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The Feng Shui Compass - Simplifying The Ancient Formulas of Wind & Water


On this cover’s issue is a contemporary edition of an ancient Geomancer’s tool - the feng shui luo pan - which sets out the arrangement of important formulas that I use to decipher the flows and concentrations of energy in buildings, land areas and other structures whose feng shui I wish to check out. These are the formulas of wind and water principles that make up the body of knowledge used in feng shui. There is a beautiful legend associated with its origins. It is said that the luo pan was given to the Yellow Emperor by the Lady of the Nine Heavens. She taught the Emperor the use of the luo pan and the Emperor applied its secrets to successfully unify the warring states into a single country… I like to believe this legend because I love the notion that formula feng shui was a gift from the cosmic realms.
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The luo pan shown on the cover contains formulas that can be applied to modern day homes and buildings, amongst which are the more popular ones that address time and space principles of the practice. The presentation of formulas on this luo pan is intended to make them easy to read and even easier to use. This is a fourth generation luo pan as it took me several years to perfect its design, discarding formulas on yin feng shui and including only yang feng shui principles of practice. I wanted the luo pan to be as user friendly as a modern day computer and as accurate as its ancient ancestor. So the compass needle placed in the center had to be specially sourced. And for the past several years, I have been teaching my advanced courses in feng shui using this luo pan.

The antique luo pans used by old masters of the art were almost all designed in code. Unless one has been directly tutored by the Master himself (usually each Master designs his or her own luo pan), the special way the formulas have been placed on to the compass will usually be unintelligible. Only another Master who is sufficiently knowledgeable can maybe unlock the secrets of another Master’s luo pan. Otherwise on superficial examination, it almost appears as if the numbers indicated are not in their correct order, or there might seem to be variations in the directions with their matching elements and the trigrams. Once you understand how to decipher the luo pan, everything becomes crystal clear and then it is like suddenly knowing how to use a computer! This is the case with my luo pan. The numbers, colours and symbols placed around the rings are incredibly easy to unravel once one knows how.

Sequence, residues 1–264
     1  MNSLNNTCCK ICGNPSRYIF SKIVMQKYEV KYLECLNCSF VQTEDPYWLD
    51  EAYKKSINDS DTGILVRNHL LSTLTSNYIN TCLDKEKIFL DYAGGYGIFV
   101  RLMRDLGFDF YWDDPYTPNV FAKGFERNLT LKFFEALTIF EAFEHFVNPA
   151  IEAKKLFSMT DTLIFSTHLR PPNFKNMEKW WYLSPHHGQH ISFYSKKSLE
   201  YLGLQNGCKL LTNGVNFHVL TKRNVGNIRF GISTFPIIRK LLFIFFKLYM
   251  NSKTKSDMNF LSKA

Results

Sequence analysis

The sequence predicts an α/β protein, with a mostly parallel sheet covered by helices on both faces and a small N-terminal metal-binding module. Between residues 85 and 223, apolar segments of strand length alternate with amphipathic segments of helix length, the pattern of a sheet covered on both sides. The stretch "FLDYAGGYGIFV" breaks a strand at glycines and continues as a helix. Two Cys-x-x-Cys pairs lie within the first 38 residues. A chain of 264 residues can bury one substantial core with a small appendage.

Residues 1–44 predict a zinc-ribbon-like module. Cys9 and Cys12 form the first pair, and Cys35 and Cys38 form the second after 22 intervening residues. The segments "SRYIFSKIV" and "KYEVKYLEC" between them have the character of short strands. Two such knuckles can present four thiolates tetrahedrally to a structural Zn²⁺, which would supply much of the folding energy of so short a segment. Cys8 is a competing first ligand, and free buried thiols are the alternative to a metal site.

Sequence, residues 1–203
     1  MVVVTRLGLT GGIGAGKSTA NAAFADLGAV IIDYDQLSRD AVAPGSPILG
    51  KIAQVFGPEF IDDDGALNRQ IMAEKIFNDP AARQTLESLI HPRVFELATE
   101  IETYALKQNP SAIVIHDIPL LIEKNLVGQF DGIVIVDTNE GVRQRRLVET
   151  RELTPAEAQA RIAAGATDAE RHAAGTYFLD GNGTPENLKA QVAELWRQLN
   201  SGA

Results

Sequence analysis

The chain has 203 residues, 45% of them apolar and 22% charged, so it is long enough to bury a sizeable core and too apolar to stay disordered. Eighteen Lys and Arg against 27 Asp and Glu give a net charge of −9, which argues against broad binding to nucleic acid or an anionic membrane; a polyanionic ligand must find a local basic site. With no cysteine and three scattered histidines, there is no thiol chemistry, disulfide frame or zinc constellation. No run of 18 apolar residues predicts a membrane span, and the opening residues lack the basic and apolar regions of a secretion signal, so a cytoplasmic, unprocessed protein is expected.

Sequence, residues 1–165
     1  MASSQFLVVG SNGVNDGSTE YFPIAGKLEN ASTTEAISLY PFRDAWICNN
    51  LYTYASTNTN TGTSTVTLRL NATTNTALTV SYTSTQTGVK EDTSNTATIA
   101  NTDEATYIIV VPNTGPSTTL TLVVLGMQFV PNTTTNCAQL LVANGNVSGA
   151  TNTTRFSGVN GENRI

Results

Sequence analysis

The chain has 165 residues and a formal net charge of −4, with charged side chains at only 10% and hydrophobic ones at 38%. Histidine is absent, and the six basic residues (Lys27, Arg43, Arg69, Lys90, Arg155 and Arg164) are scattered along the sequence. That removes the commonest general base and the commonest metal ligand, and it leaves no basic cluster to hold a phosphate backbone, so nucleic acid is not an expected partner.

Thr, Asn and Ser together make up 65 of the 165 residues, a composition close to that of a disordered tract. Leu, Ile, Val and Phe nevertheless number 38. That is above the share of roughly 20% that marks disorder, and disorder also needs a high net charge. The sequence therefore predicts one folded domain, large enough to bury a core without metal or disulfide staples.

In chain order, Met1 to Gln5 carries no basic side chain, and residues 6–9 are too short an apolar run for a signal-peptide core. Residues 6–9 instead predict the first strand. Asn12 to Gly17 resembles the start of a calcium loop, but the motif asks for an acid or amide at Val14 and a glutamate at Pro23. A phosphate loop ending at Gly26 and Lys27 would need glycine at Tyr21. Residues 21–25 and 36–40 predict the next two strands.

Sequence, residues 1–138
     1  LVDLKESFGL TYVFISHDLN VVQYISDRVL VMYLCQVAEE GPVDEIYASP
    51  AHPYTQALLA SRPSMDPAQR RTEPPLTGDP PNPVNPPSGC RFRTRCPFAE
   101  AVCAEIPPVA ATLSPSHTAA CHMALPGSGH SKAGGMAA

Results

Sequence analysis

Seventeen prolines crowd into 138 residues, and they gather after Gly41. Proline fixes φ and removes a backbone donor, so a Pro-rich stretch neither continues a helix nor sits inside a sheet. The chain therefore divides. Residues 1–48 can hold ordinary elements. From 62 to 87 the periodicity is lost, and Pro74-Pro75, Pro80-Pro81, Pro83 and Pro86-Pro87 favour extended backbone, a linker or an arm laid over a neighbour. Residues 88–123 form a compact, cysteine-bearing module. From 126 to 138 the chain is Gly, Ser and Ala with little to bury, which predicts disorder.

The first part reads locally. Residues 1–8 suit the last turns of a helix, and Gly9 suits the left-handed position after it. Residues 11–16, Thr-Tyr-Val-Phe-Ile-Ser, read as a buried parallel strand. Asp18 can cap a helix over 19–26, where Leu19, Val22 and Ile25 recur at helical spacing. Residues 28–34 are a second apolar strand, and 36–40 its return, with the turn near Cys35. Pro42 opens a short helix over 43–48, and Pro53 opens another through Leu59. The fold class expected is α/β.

But anyone who has even a small knowledge of feng shui practice, and is familiar with the compass formulas of feng shui, will easily recognize the meanings of the first few rings. These show the eight directions, the nine Lo Shu numbers, the four pairs of Ho Tu numbers, the eight trigrams and the 24 mountains. But as the luo pan rings get bigger, radiating outwards, more formulas are offered and it is these that contain the more advanced calculations that are so precious for us.

Using the luo pan makes it simple for the feng shui Consultant to instantly get a snapshot of the quality of energy flows, thereby making feng shui investigations faster and more accurate. This is what makes the more advanced and powerful water flow formulas and flying star orientations accessible. Once the Practitioner is able to read the compass correctly, understanding the meanings of the numbers and their combinations, and the correlations between directions, trigrams, elements and numbers, becomes easy. There is also less chance of mistakes in calculations being made.

There is something magical about using a feng shui luo pan. In and of itself, the tool becomes a great symbol of good feng shui. When one uses the same compass over and again, it becomes a reliable partner in one’s ongoing practice. The compass then takes on a life of its own.



The following article is taken from the "Feng Shui World ( May/June 2011)". To subscribe, please click here.